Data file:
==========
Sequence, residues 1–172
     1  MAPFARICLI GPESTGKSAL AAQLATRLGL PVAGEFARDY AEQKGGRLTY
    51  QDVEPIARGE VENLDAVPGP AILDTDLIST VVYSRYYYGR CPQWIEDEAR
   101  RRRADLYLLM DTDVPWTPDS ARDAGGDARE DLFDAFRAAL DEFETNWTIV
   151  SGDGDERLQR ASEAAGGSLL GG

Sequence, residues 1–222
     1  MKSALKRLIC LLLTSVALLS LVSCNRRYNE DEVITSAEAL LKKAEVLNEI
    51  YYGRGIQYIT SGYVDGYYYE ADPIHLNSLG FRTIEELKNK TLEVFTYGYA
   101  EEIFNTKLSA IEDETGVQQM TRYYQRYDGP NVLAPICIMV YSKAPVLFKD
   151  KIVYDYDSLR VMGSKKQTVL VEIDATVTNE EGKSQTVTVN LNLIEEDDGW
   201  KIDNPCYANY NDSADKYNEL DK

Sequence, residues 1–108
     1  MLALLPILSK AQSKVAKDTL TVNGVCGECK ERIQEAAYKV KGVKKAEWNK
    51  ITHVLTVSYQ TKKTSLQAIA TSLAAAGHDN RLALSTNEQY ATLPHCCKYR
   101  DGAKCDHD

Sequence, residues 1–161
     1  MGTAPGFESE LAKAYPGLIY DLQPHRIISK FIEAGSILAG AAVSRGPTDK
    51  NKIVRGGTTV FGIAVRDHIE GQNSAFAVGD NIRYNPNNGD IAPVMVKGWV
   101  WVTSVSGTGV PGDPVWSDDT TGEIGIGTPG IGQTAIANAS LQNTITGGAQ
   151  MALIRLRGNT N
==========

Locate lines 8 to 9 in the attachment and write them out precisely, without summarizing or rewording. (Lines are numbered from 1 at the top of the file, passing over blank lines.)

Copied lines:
    51  YYGRGIQYIT SGYVDGYYYE ADPIHLNSLG FRTIEELKNK TLEVFTYGYA
   101  EEIFNTKLSA IEDETGVQQM TRYYQRYDGP NVLAPICIMV YSKAPVLFKD